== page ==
There’s also a camera zoom that happens when enemies are nearby. The camera zooms out so that you get a better view for combat. Once all the enemies are gone, it zooms back in so that you can focus on the tiles. The change in zoom is a strong visual indicator that something bad is nearby. Before, we just had the cursor change shape and color, which was fairly easy to overlook.
The background tiles are no longer just dull, gray blobs. They have some actual materials applied. Most of them are still pretty plain and repetitive, but you can see some scattered here and there that have some interesting materials. Those are the ones that you’re hunting. Josh and Garrett are working on the full list of materials and how they should look.
You’ll need plenty of basic metals to build new stuff for your ship, so those boring metallic tiles aren’t just there to fill empty space. But the challenge will be to find areas of the map that contain concentrations of the rare materials, because those will let you build the best weapons, engines, shields, and so on. Unsurprisingly, you’ll probably run into the nastiest enemies in those areas, too.
Tiles (and enemies) are just randomly generated in the build that you see in the video. That won’t be the case in the released game. We’ll be using a mixture of procedural generation and old-fashioned level design to place everything. But the end result will not be random at all, in the sense that it will be the same every time you play. Purely random levels are interesting in some ways, and much easier to create, but they don’t suit the style of The Ladon Device. We want the player to be challenged to find the best way through a level, which means we want to design the levels in a specific way.
No, not that kind of model.
The image above shows Josh’s original 3D model of the cockpit versus the scaled-down version that will appear in the game. And here it is actually running in the game.
The tiles around it are still just placeholders. Updated and polished versions of those are on the way.
Taking a model from around 100,000 triangles down to around 1,000 is challenging. All the little details of geometry are lost from the actual model, but you can “fake” them with an old graphics trick called normal mapping. It can produce really excellent results if you are very careful. Getting it right for the cockpit took the better part of two days. I had to experiment with several different tools, and eventually found that the least painful method is doing it in Blender. That was unexpected, because Blender isn’t really designed for this purpose, and it has a reputation for being… unreliable… to put it really gently.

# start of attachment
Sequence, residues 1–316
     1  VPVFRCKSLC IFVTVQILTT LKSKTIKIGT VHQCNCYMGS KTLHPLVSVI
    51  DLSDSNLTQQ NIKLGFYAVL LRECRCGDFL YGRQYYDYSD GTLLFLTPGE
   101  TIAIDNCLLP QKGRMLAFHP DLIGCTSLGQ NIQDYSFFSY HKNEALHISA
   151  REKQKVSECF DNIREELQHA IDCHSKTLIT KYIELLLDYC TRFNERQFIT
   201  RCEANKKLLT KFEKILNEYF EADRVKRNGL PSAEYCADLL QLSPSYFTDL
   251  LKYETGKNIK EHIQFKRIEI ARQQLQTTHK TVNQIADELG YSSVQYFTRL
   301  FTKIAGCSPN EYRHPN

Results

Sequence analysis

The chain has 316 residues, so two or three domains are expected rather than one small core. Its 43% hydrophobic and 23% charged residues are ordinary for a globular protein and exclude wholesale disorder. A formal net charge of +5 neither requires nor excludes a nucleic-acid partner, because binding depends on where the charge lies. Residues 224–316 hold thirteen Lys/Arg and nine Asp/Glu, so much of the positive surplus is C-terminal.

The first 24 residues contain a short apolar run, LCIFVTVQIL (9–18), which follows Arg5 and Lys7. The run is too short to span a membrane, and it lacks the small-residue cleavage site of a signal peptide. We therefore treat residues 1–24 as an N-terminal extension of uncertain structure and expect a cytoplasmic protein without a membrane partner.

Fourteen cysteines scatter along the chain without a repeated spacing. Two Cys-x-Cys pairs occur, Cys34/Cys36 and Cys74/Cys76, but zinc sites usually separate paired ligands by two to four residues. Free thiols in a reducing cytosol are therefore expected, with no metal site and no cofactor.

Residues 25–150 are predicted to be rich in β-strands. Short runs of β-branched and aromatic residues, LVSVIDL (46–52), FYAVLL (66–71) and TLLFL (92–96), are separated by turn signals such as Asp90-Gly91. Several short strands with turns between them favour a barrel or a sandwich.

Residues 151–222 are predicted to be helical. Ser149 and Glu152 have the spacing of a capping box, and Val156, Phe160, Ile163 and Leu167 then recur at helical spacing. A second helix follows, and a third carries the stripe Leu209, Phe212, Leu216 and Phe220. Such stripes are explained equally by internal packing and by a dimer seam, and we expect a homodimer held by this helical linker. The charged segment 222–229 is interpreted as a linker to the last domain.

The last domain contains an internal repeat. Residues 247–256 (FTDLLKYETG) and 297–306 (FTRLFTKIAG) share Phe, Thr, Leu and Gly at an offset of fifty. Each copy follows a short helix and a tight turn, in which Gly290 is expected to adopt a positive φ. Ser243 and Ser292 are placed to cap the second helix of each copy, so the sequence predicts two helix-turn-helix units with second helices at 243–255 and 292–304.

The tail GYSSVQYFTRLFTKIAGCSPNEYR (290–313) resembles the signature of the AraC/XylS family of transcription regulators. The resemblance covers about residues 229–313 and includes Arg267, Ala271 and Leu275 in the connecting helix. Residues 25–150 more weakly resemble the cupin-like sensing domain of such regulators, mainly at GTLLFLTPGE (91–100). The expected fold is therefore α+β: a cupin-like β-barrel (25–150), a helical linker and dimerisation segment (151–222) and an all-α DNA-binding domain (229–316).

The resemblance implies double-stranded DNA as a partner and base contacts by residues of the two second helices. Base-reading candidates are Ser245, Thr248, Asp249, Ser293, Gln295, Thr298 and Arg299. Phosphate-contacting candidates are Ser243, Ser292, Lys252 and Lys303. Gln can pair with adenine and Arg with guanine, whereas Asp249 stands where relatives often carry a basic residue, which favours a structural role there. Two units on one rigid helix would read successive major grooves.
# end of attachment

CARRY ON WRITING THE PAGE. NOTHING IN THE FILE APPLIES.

It takes several iterations to really get all the detail correct, but it’s really worth it. The gist of it is:
1) Build a low-poly model from the high-poly version
2) Use a tool (Blener, XNormal, etc) to “bake” a normal map
3) Test the normal map in a quick render
4) Say, “That looks horrible” and start over
5) Repeat steps 1-4 ten times
6) End up with a normal map that looks half decent
7) Go into Photoshop and manually fix problem areas in the normal map
8) Declare victory and move on to the next model
You end up with models that have orders of magnitude fewer triangles than the originals, but look 99% as good. Depending on things like how close your camera will be to the object, they might even be indistinguishable.
If you’ve been following us at all over the last few months, you’ve seen plenty of flashy effects and explosions. Today, we’re excited to show something a little different: ship building!
This is a look at our ship building mechanic in its earliest stages. It’s truly what I’d call “hacked together” at this point. We’re still not using Josh’s gorgeous tile models, yet, either. Regardless, we played around with building ships, flying them around, dealing out destruction, and it’s already surprisingly fun. That’s good news, because it’s the heart and soul of the game.
There are still plenty of flashy effects and explosions. In fact, there’s a whole new weapon type that sneaked into the game — rockets. You can see them at various points in the video, homing in on their targets. Homing rockets have long been a staple of the shoot-em-up arsenal. They have the huge benefit of always hitting their target (assuming your target isn’t smarter and/or faster than your rockets).
Some captures from the next teaser video… A teaser for a teaser?
Ship building is slowly becoming a reality. Today, I added the ability for the player to just add tiles onto the ship wherever they like. No mining materials is required, for now. The purpose of this was partly to stress test the engine with lots of tiles and partly just to play around with different sizes and shapes of ships. Turns out, it’s really fun. Adding a dozen thrusters and making an unnecessarily fast ship is fun, and so is having fifty lasers.
These big ship builds can look really cool, too. Just sitting back and watching the game being played is getting more and more entertaining with each new weapon type or particle effect. At the risk of sounding cocky, it’s starting to look and feel like a true shoot-em-up.